By - George Weidman
Postal 3 is one of the worst games I’ve ever had to play, and it knows. Running With Scissors has a long and troubled history of cultivating the most morally bankrupt game series of all time, and their unholy aspirations to offend have clouded their ability to make quality products. The third Postal is the most unpolished and unenjoyable entry in the series by a wide margin, and the game makes fun of itself for it. Thing is, the jokes ring so true that they aren’t funny at all. They come off as pathetic and sad.
This time, the developers decided to use the Source engine for some reason. I can’t imagine why– it’s downright ancient at this point, and is known as an infamously unwieldy development tool. I also can’t help but feel like they somehow thought that the engine would do their job for them, as evidenced by the eight-year-old sound effects, menus, and particle effects recycled from Half-Life 2. None of the quality animation or polish usually associated with Valve’s engine can be found here—in fact, it’s quite the opposite. Postal 3’s overall level of quality makes me want to cry.
My first impression: this is downright depressing. The lack of effort put into the presentation is felt immediately, and the game hates itself for it. Loading times are crazy long, and the menu is carbon-copied from Half-Life 2. Cutscenes have a grindhouse-style film grain and blast a cracking whip sound that punch-lines the lame jokes way too often. Textures are reminiscent of Silent Hill: they’re washed over with brown moldy overtones and compression artifacts. Even the tutorial messages are self-loathing. The joking reveal behind the regenerating health system looked like like it could have been self-parody, but came off as genuine embarrassment instead. “Good luck not hurting yourself in this AI clusterf**k!” said one briefing screen.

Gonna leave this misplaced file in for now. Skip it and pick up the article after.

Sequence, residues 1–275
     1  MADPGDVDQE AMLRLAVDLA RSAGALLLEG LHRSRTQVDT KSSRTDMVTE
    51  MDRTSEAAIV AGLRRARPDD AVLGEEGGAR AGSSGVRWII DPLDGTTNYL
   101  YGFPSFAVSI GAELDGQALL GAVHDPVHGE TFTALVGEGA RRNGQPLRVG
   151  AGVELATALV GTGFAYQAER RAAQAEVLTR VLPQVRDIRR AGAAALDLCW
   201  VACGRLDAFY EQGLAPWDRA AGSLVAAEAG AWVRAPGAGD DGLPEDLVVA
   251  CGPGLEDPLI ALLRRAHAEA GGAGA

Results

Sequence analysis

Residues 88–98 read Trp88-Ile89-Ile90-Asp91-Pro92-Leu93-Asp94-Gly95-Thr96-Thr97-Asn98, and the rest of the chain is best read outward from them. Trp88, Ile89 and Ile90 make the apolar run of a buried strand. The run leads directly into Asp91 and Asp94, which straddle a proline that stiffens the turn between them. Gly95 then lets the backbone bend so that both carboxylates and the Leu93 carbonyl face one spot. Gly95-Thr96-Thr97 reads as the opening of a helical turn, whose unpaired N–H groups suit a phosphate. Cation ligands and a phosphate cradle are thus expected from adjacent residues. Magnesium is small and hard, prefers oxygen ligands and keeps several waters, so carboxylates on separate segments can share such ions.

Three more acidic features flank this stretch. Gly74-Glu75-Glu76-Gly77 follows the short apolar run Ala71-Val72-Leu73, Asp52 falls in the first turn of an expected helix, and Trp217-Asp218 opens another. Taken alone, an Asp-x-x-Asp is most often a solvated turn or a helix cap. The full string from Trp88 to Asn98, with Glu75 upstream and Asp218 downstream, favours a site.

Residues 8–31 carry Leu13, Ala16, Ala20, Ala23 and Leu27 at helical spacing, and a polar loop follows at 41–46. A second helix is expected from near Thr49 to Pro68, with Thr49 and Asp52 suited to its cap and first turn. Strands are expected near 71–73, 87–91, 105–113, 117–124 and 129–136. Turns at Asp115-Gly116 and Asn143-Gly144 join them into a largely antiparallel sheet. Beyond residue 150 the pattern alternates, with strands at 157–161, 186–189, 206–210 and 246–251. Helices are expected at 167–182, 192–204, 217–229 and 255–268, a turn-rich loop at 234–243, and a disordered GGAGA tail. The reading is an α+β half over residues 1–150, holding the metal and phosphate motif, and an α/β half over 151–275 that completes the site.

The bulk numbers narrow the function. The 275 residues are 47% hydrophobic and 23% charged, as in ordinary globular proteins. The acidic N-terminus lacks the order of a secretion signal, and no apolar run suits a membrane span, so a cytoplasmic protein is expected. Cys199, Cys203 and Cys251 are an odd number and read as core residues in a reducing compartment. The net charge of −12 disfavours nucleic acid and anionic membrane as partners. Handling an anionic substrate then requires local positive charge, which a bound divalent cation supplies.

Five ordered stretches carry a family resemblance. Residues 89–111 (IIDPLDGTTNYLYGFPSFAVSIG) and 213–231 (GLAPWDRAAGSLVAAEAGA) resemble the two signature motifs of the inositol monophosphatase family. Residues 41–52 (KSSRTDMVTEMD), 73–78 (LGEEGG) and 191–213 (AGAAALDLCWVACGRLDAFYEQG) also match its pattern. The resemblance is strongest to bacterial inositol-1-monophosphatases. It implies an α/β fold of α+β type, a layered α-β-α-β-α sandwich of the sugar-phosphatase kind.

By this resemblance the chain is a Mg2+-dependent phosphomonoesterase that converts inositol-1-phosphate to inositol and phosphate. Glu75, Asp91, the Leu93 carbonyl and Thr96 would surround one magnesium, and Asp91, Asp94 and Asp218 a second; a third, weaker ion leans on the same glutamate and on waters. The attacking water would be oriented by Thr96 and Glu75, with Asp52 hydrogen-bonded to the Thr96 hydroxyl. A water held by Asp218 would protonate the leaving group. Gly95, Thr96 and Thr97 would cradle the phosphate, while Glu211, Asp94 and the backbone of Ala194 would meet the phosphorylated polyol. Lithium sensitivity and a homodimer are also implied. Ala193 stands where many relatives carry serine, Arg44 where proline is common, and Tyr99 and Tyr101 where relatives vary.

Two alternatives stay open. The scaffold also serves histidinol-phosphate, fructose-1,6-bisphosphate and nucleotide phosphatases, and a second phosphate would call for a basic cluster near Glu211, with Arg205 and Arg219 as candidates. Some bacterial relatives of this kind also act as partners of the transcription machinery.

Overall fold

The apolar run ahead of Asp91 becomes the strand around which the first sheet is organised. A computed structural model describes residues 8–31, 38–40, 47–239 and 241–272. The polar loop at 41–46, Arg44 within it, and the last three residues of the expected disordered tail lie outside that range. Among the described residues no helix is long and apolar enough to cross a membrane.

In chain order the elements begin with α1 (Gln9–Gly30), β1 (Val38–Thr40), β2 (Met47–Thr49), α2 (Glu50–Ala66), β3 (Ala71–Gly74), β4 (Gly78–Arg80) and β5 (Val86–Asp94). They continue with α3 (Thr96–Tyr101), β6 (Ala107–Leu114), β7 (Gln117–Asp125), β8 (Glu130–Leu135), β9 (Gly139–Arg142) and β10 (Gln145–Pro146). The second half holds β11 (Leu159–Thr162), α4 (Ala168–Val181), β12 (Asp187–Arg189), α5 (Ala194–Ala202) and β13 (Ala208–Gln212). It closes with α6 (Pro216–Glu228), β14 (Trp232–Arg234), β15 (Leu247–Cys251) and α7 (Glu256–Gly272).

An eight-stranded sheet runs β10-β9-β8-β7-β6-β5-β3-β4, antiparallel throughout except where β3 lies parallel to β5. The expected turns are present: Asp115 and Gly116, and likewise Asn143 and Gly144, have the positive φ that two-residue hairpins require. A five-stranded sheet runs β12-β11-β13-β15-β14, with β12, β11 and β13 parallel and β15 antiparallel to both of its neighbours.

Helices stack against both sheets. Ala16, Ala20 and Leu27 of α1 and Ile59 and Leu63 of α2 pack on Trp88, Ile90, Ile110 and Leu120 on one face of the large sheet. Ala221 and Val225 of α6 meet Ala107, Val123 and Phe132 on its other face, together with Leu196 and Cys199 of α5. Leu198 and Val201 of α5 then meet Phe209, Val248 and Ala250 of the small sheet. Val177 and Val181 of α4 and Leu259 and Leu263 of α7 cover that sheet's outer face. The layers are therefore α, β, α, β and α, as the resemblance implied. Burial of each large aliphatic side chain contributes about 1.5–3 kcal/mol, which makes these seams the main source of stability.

The story smells like regret. This time, the Postal Dude (that’s his actual name, which the game thinks is hilarious,) is depicted as a heroically-depicted white-trash everyman. The story follows his quest for employment in the economically destitute town of Catharsis, Arizona. It’s divided into a mission-by-mission structure that sees him grudgingly signing up for a motley assortment of temp jobs, from cleaning sticky tissues off the floor of a sex shop to picking apples out in the hot sun. Reminder: it’s downright depressing.
Eventually, the mission-based game structure escalates Dude into jobs where he has to shoot bad guys. In any given mission, artificially simple objectives have to be completed to progress the story: 20 terrorists need to be neutralized, 10 rabid monkeys need to be set free, 6 scooters need to be delivered to the dealership, et cetera. At some point during each of them, someone usually needs to be shot. The game is less about going postal in a sandbox than it is about playing a straight-up objective-based shooter. Of course, this is because Postal 3 isn’t a sandbox game at all. Missions play out in tiny areas with simplistic goals, and they’re so limiting and contained that they would be mere mini-games in any other title.